Tag Archives: the past

When A Young Man Who Liked Nostalgia

When a young man who liked nostalgia
Developed a very bad case of neuralgia,
He consulted a sage
From a previous age,
Who cured him of all his nostalgia!

Nostalgia? well perhaps, or maybe . . .

In 2016, I published my poem, Squire and Peasant, https://kmorrispoet.com/2016/05/12/squire-and-peasant/.

The above is one of the poems I am minded to read at a poetry reading on Thursday 4 July. This will be a private event (unfortunately not open to the public), hence I wanted to share this poem here in order that it may be more widely enjoyed.

Kevin

Kevin

History’s Path

I laugh
When they say
That you can discern
History’s path.
Each twist and turn
Of the track
Leads us back
To looking-glass
House where, be it early or late
The fire still burns, in the same old grate
And the king and queen seldom, if ever learn.

Bark Rubbings

Close to the end of the woodland path,
Shortly before you join the thoroughfare,
There
I ran my hands across the tree.

It’s rough bark kindled in me
A child’s wish to an impression make
Of that tree, and to take
It away with me.

Had I crayons, perhaps I would have captured that bark
On pristine
Paper, creating a clean
Bark rubbing
Leaving the tree as before.

Yet as I stood
Close to the edge of that wood
I thought how one can neither restore
Nor rub away
Yesterday.

Memory

Our memory is like a garden, where we spend many hours
Watering fragrant flowers.
Yet sometimes we succeed
In fertilising a weed.
Indeed
We take a perverse delight in watching it grow
Much though
We deny that it is so!

Let not the weed
Seed
Say I,
But learn from it, then let it die,
For if it’s growth you do not control
It will succeed
And choke your soul.

Peasants in late Medieval London faced extreme violence

According to recently published research, “Peasants in medieval London faced extreme violence”.

Skulls of peasants unearthed in the UK’s capital show a much greater number of fractures than do those of the upper classes and it is conjectured that many died soon after having received their injuries.

The researchers believe that due to the cost of the legal system, peasants in Medieval London had no ability to employ barristers so would frequently settle their disputes in bar or street brawls, many of which ended in death. Interestingly most of these brawls appear to have taken place on Sunday, which was the only day peasants had off.

In contrast the better off residents of London had recourse to legal representation to settle disputes or, if they did engage in duelling, they wore armour which greatly reduced the danger of death.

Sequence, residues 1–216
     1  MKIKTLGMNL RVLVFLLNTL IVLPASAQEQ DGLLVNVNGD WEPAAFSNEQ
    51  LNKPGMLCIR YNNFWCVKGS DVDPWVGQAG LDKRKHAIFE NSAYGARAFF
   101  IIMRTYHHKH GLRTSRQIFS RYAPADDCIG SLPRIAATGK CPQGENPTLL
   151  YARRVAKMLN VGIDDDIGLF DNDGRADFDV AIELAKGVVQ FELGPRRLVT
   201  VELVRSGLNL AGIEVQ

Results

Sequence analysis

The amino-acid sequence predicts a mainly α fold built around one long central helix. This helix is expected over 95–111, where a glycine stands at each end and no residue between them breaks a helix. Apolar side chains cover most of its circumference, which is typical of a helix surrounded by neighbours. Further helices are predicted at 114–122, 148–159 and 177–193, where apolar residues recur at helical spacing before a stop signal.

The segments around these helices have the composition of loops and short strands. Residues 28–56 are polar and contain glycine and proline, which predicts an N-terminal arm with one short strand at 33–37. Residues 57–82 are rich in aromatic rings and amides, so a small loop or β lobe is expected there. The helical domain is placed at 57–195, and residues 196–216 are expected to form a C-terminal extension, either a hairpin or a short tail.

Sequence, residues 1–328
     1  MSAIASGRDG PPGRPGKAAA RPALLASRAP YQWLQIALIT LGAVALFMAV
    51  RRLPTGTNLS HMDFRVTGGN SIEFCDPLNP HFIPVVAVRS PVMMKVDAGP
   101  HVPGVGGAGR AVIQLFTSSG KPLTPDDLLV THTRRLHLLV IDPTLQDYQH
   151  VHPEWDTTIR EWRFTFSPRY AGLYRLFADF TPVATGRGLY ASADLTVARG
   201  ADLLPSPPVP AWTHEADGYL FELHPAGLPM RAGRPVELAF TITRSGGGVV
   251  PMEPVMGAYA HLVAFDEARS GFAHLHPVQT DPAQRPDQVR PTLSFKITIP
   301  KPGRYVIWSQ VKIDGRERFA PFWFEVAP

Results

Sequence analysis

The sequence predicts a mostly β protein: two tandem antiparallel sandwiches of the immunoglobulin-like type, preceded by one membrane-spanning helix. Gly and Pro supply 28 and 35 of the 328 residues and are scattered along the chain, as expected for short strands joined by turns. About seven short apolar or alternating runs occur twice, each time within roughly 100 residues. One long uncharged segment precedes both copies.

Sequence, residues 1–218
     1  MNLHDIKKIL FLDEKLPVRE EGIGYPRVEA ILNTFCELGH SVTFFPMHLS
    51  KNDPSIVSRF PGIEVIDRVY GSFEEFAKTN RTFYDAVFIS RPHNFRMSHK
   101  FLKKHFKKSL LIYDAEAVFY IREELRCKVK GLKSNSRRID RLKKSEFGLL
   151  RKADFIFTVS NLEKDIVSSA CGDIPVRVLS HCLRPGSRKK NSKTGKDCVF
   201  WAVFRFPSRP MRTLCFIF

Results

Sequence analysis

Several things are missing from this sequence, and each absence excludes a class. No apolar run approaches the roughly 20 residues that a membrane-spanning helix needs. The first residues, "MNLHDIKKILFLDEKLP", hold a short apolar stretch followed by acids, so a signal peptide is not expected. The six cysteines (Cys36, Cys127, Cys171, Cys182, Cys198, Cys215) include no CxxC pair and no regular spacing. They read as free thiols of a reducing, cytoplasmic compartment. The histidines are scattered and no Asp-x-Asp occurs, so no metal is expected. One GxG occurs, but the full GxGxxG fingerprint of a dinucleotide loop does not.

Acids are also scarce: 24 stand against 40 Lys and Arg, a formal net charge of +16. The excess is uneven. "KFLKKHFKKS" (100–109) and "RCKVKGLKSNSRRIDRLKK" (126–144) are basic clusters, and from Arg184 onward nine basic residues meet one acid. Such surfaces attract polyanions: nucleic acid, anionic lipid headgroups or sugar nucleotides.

For this interesting article please visit, http://www.dailymail.co.uk/sciencetech/article-4833460/Peasants-late-medieval-London-faced-extreme-violence.html.

Twenty-Seventeen

The weather is drear
And none save my dog is near.
The new year
Beccons
As seconds
Are here then gone.
The clock’s hands move on
Towards twenty-seventeen.
I have no magic screen
To gaze into the future, but stupidity
And that age-old vice cupidity
Will, I venture to maintain
Continue to reign.

The human race
Has a face
Half devil and part divine.
There is a fine
Line
Between the two.
Looking through
History one finds dreams of utopia turning to hell,
Yet one can not tell
The idealist that he is wrong,
For he will answer you with the same old song,
“If everyone did such and such then all would be well”!
But we are saints with feet of clay
And the utopian’s way
Leads many to stray
Down the path to the ever lasting bonfire
Where the desire
To do good ends in the Gulag and the stamp
Of the fanatic’s boot in the concentration camp.

Small acts of kindness matter
And oft times achieve more than the chatter
Of those
Who would dragoon
Humanity into neat little rows.
And believe there is a man in the moon.

Flame

Thought
Caught
In the flames of this fire,
Fanning my desire
For a past when the publican laid logs
In fireplaces
And drinker’s faces
Gathered around the blaze as their dogs
Lazed beside the eternal flame.

It is not the same
Since the pub changed hands. The beer
Remains unchanged, yet I fear
The flame does not burn as bright
Of a winter’s night
And the grate is too often cold.

Slavery’s Stain

The crack of the whip
Does strip
The past bare.
Who would dare
To lift the curtain
For it is certain
To make the sensitive squirm.

Growing up in Liverpool I was told
A tale of how the city was built on slave owner’s gold.
Many there money gave
In the hope their soul to save
To schools and foundations
That dignify the nation.

What can one say
For it is a long way
Back and distance
Leads to resistance
To compensation
For the Caribbean and African nations.
An injustice vast
Stains our past
But should the Europeans of today
Pay for the injustices of yesterday?

One can apologise for one’s own mistake
But what good can an apology make
For a wrong long gone
And done by another one?

Great Britain abolished slavery in 1807
And all was right and god was in his heaven.
No,
The woe
Caused by slavery did persist,
But should one then insist
On the payment of gold
To right wrongs untold?

We can not and should not forget
And yet
We must move on.
The slave owners are gone
And to apply modern morality to the past
Is, perhaps a thankless task.
Can we in conscience ask the guiltless of today
To reparations pay?
And, if so to whom
For the gloom
Has long since closed
Over those
Who where so cruely whipped
And stripped.

(https://www.theguardian.com/world/2016/sep/24/slave-owning-families-influenced-uk-jane-austen-modern-rroyalty-eugenie-beatrice).